• For his contributions to the growth of the Indian and global economies, crediting ‘Modinomics’ for reducing social and economic disparity between the rich and the poor
  • Contribution towards regional and global peace through a proactive foreign policy with countries around the world under the ‘Modi Doctrine’ and the ‘Act East Policy’

Seoul Peace Prize

  • Established in 1990 to commemorate the success of the 24th Olympic Games held in Seoul, Republic of Korea – an event in which 160 nations from across the world took part, creating harmony and friendship and a worldwide atmosphere of peace and reconciliation.
  • The Seoul Peace Prize was established to crystallize the Korean people’s yearning for peace on the Korean Peninsula and in the rest of the world.

“Harit Diwali-Swasth Diwali”: Merged with “Green Good Deed” movement that has been initiated as a social mobilization for conservation and protection of environment.

Air pollution is a serious health issue in the country especially in the northern parts during winter seasons. The air pollution in the northern region is attributed to

  • Dust
  • Burning of crops in certain states
  • Burning of garbage construction
  • Prevailing climatic conditions

India and Bangladesh Sign Agreements for Enhancing Inland and Coastal Waterways Connectivity: To facilitate easier movement of goods and passengers between the two countries, giving an impetus to trade and tourism.

10th Nuclear Energy Conclave on the theme: ‘Nuclear Power – Towards a Clean & Base Load Energy’

  • The Cabinet has given its approval for construction of 10 units of India’s indigenous Pressurized Heavy Water Reactors (PHWR). This significant decision has been taken to fast-track India’s domestic nuclear power programme, and give a push to country’s nuclear industry.
  • Government has amended sections of the Atomic Energy Act, 1962 through the Atomic Energy (Amendment) Bill, 2015, which would enable Nuclear Power Corporation of India (NPCIL) to form joint venture companies with other Indian PSUs to meet the additional funding requirements for further expansion of our nuclear power programme.
  • Previously the atomic energy programme was confined mostly in Southern India, but now an atomic plant is in the process of being set up in Gorakhpur, Haryana near Delhi, which indicates the expansion of nuclear programme in other parts of country.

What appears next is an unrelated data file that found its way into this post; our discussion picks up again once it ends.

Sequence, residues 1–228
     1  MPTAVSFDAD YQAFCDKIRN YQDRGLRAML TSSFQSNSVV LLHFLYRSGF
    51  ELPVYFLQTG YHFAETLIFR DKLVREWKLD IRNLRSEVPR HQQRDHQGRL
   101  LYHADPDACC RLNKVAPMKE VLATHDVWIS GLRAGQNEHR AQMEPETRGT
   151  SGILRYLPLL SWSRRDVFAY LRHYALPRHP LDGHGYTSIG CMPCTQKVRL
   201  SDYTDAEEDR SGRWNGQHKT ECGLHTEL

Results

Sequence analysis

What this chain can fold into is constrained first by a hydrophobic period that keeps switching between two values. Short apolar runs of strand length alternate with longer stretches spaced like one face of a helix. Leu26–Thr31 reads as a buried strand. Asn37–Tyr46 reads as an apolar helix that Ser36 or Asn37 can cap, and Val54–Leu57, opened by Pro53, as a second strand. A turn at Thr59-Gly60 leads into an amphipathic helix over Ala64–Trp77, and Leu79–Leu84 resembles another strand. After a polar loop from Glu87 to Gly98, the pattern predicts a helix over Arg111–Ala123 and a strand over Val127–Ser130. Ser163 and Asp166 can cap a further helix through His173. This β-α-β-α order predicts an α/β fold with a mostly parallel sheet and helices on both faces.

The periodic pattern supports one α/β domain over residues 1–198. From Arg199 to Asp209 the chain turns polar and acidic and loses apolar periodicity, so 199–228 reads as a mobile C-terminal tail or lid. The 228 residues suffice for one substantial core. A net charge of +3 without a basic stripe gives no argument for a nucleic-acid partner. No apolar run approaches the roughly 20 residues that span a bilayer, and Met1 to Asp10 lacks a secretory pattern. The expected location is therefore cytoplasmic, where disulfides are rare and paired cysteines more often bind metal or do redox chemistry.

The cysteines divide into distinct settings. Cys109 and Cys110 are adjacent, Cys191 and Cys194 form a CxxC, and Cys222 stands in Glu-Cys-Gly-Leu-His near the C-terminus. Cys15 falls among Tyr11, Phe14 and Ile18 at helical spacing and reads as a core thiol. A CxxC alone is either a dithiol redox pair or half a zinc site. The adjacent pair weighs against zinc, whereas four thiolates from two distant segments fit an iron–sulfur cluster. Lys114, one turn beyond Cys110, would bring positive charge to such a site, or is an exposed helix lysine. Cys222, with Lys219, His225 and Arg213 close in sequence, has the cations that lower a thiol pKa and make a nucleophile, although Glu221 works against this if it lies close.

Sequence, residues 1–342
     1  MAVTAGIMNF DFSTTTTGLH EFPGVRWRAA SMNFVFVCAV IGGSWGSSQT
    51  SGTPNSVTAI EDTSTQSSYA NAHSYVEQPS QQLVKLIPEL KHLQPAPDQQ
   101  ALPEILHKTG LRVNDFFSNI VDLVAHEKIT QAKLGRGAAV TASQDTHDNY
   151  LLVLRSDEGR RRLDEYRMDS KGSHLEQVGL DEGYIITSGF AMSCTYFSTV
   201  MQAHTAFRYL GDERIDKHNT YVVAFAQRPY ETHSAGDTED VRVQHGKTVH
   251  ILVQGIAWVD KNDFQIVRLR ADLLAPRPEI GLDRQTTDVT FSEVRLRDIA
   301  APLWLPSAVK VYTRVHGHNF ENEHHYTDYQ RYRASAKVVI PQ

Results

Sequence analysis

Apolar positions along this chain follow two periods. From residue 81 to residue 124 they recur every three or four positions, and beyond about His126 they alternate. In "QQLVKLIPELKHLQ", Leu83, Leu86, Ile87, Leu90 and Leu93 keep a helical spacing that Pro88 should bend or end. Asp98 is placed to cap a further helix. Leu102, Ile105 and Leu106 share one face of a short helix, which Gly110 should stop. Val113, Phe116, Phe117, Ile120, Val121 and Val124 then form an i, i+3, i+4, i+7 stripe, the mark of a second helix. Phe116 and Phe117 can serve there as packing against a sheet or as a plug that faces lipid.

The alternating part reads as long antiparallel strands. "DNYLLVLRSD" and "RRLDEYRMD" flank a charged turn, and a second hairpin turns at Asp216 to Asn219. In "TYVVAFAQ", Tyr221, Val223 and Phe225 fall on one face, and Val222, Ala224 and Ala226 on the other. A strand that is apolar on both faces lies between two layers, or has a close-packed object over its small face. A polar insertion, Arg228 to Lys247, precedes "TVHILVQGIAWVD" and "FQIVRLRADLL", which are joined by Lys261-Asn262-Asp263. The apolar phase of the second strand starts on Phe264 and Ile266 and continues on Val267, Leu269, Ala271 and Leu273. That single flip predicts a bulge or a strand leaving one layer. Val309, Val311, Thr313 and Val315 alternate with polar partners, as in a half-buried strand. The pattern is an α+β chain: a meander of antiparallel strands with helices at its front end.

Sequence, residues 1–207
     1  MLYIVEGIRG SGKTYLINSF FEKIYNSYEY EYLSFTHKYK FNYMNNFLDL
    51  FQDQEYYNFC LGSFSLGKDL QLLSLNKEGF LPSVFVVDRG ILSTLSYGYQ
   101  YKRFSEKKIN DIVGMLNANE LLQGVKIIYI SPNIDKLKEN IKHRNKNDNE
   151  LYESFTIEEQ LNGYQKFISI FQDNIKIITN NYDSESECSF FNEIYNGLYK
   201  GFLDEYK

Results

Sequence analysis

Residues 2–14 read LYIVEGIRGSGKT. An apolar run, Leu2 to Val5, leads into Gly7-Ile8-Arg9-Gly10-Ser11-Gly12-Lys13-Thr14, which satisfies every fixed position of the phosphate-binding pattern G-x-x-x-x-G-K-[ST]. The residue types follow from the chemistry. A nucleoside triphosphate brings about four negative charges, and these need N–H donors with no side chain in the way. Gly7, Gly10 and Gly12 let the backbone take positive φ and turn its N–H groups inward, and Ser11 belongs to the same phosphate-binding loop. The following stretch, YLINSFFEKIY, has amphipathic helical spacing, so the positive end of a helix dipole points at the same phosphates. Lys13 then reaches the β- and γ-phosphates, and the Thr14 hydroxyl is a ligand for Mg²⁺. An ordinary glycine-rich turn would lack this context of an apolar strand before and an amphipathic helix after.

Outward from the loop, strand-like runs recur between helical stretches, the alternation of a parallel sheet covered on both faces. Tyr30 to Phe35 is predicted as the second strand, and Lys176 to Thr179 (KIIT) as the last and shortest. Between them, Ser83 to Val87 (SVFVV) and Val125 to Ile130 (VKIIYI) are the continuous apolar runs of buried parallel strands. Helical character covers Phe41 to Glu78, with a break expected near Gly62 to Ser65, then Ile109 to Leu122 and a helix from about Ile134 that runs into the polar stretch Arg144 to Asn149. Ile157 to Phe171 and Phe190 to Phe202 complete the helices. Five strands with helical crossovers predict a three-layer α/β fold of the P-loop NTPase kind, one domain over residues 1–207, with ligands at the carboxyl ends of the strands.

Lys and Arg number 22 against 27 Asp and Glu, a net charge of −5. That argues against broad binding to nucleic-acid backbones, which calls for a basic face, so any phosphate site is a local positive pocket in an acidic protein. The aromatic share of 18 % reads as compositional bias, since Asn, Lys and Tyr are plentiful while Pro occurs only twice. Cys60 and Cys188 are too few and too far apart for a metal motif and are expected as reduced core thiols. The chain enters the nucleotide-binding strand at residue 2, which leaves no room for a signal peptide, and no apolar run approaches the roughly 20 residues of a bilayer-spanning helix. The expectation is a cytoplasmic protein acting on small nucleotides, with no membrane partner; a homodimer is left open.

• “Hall of Nuclear Power”- India’s first permanent exhibition on nuclear power, has been built in the national capital. This helps the students and the younger generation to understand the basics of nuclear energy.

Benefits of nuclear energy for non-power applications:

  • Nuclear agriculture developed with the cooperation of agriculture universities and ICAR is one such example
  • Nuclear medicine
  • Low cost solution for water purification
  • Urban waste management
  • Food preservation programme

Note: Kaiga Atomic Power Station (KAPS) has set a new world record among pressurised heavy water reactors (PHWRs) with one of its units operating uninterrupted for 895 days as of today.

Personality in News

Lal Bahadur Shastri 

  • Second Prime Minister of independent India – an exemplary leader, his humility, courage, determination, integrity and moral uprightness were legendary
  • Had great clarity of his vision and even greater conviction in the capacity of his beloved nation to beat all odds and survive – from promoting Green and White Revolution to steering India successfully during the turbulent times of the India-Pak war of 1965 (Lal Bahadur Shastri and his Pakistan counterpart Ayub Khan signed the Tashkent Declaration)
  • Popularized the slogan ‘Jai Jawan Jai Kisan’, recognizing the need for self-sustenance and self-reliance as the pillars to build a strong nation
  • After Independence, he became the Minister of police in the Ministry of Govind Vallabh Panth in Uttar Pradesh. His recommendations included the directions for using “water-jets” instead of lathis to disperse the unruly mob. Impressed with his efforts in reforming the state police department, Jawaharlal Nehru, invited Shastri to join the Union cabinet as Minister for Railways.

Quotes

Vice President of India, Shri M. Venkaiah Naidu 

  • 5As – that are important to reform governance system – Ambition, Ability, Agility, Accountability & Achievement
  • There is a need to develop the ability to adapt, improvise, innovate to create programmes and strategies to make them effectively address the challenges.  We must be agile and pro-active